135. Hon'ble Members are aware that in the course of 2010-11, I had the opportunity to effect a further improvement in the fiscal balance, due to the higher than anticipated non-tax revenues from 3G spectrum auctions. I chose to do that and much more. While I provided additional resources of about Rs 50,000 crore to critical infrastructure and social sectors and also to meet the expenditure on subsidies, I have brought down the fiscal deficit from 5.5 per cent to 5.1 per cent of the GDP for 2010-11. For 2011-12, I have kept it at 4.6 per cent of GDP, which improves upon my own target for 2011-12 indicated in the fiscal road map presented in the last Budget. In the Medium Term Fiscal Policy Statement being presented to the House today, the rolling targets for fiscal deficit are placed at 4.1 per cent for 2012-13, and 3.5 per cent for 2013-14.
136. There has been some concern expressed regarding the stickiness of Government's revenue deficit in the post-global crisis phase of the economy. For 2010-11 as against a target of 4 per cent, the revenue deficit is estimated at 3.4 per cent of GDP. In the past few years the transfers to States and other developmental expenditure have grown significantly. These are classified as revenue expenditure even though a considerable part of the expenditure from these transfers is in the nature of capital expenditure. In 2010-11, Rs 90,792 crore from such revenue expenditures were in the nature of capital expenditure. Similarly, in 2011-12 grants-in-aid for creation of capital assets, which are now shown separately in the Budget documents, are about Rs 1.47 lakh crore. Taking these budget provisions into account, the "effective revenue deficit" is estimated at 2.3 per cent in the Revised Estimates for 2010-11 and 1.8 per cent for 2011-12.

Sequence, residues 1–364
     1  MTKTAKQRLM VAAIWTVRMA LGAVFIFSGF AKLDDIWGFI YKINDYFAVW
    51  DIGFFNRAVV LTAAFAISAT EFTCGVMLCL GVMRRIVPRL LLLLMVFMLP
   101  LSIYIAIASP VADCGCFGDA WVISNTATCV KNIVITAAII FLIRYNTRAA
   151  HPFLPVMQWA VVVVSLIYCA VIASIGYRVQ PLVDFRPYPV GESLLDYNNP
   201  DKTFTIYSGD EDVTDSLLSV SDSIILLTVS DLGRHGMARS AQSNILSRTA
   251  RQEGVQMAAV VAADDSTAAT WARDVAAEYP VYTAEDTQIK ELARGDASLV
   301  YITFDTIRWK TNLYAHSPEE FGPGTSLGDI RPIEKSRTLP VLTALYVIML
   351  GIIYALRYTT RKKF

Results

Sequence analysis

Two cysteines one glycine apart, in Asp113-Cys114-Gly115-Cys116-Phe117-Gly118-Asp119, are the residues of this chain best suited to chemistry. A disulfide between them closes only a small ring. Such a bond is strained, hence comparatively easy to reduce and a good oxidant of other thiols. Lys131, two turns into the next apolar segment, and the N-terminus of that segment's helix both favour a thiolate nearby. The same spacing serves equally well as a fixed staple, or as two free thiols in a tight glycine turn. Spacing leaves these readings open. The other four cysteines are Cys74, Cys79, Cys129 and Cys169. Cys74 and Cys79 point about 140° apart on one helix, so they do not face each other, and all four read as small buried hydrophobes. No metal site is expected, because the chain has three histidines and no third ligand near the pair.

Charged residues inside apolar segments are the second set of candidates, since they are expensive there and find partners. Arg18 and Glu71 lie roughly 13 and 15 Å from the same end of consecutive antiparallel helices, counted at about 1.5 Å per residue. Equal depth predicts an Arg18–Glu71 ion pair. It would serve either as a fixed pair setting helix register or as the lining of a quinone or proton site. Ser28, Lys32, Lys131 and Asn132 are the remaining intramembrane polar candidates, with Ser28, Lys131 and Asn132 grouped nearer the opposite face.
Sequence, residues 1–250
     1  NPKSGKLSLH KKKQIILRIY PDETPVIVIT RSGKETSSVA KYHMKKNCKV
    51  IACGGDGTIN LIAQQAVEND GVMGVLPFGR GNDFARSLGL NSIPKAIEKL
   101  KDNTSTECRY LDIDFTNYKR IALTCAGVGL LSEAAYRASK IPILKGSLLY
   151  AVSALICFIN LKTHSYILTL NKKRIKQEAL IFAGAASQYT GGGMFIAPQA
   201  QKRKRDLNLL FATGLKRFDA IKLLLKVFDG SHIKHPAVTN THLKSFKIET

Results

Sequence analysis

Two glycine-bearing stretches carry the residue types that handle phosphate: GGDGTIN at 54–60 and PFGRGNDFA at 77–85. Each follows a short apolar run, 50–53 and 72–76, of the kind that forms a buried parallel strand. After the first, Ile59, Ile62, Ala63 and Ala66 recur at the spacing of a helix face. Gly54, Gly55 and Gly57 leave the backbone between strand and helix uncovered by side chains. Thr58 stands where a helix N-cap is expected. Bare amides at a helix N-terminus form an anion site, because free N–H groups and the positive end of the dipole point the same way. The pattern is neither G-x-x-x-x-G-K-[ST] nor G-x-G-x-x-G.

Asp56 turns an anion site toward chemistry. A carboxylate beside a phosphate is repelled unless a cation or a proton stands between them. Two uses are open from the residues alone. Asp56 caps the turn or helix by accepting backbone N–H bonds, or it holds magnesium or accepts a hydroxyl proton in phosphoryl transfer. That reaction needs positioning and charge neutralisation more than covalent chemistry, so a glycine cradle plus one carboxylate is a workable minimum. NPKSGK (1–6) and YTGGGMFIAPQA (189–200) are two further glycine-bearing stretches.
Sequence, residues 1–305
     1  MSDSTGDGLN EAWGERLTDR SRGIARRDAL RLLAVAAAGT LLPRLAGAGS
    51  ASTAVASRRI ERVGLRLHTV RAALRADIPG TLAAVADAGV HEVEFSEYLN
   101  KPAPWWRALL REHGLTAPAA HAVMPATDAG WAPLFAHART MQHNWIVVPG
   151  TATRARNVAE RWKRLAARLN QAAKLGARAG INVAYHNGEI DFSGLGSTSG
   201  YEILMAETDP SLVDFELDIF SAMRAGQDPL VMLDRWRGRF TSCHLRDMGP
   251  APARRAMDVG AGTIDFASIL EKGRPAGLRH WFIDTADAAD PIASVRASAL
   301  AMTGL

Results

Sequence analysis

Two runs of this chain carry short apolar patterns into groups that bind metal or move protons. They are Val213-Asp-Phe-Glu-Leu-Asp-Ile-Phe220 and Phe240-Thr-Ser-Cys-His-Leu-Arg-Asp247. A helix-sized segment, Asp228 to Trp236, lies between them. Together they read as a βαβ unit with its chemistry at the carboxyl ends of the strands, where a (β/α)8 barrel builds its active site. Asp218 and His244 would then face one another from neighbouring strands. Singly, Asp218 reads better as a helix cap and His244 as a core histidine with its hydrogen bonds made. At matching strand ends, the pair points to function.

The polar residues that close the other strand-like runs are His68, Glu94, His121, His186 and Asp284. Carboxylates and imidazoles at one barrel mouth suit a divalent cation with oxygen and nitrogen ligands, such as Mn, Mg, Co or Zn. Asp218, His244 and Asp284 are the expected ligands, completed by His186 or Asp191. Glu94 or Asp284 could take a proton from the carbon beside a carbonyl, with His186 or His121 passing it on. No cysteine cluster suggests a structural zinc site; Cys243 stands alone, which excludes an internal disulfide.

137. In my last Budget, I had stated that Government would avoid issuing bonds in lieu of subsidies to oil and fertiliser companies. I have adhered to this decision, thereby bringing all subsidy related liabilities into our fiscal accounting.
138. The fiscal deficit of 4.6 per cent of GDP in 2011-12 works out to Rs 4,12,817 crore. Taking into account the various other financing items for fiscal deficit, the net market borrowing of the Government in 2011-12 would be Rs 3.43 lakh crore. In addition, Rs 15,000 crore is proposed to be financed through Treasury Bills. Accordingly, the Central Government debt as a proportion of GDP is estimated at 44.2 per cent for 2011-12 as against 52.5 per cent recommended by the Thirteenth Finance Commission.
PART - B
I shall now present my tax proposals.
139. In the formulation of these proposals, my priorities are directed towards making taxes moderate, payments simple for the taxpayer and collection of taxes easy for the tax collector.
VI. Direct Taxes
I shall now deal with direct taxes.
140. As Government's policy on direct taxes has been outlined in the DTC, which is before Parliament, I have limited my proposals to initiatives that require urgent attention.
141. Last year I provided relief to individual taxpayers by broadening the tax slabs. To take us closer to DTC rates, I propose to enhance the exemption limit for the general category of individual taxpayers from Rs 1,60,000 to Rs 1,80,000 this year. This measure will provide a uniform tax relief of Rs 2,000 to every taxpayer of this category.
142. Senior citizens deserve our special attention. For them, I propose
- to reduce the qualifying age, from 65 years to 60 years;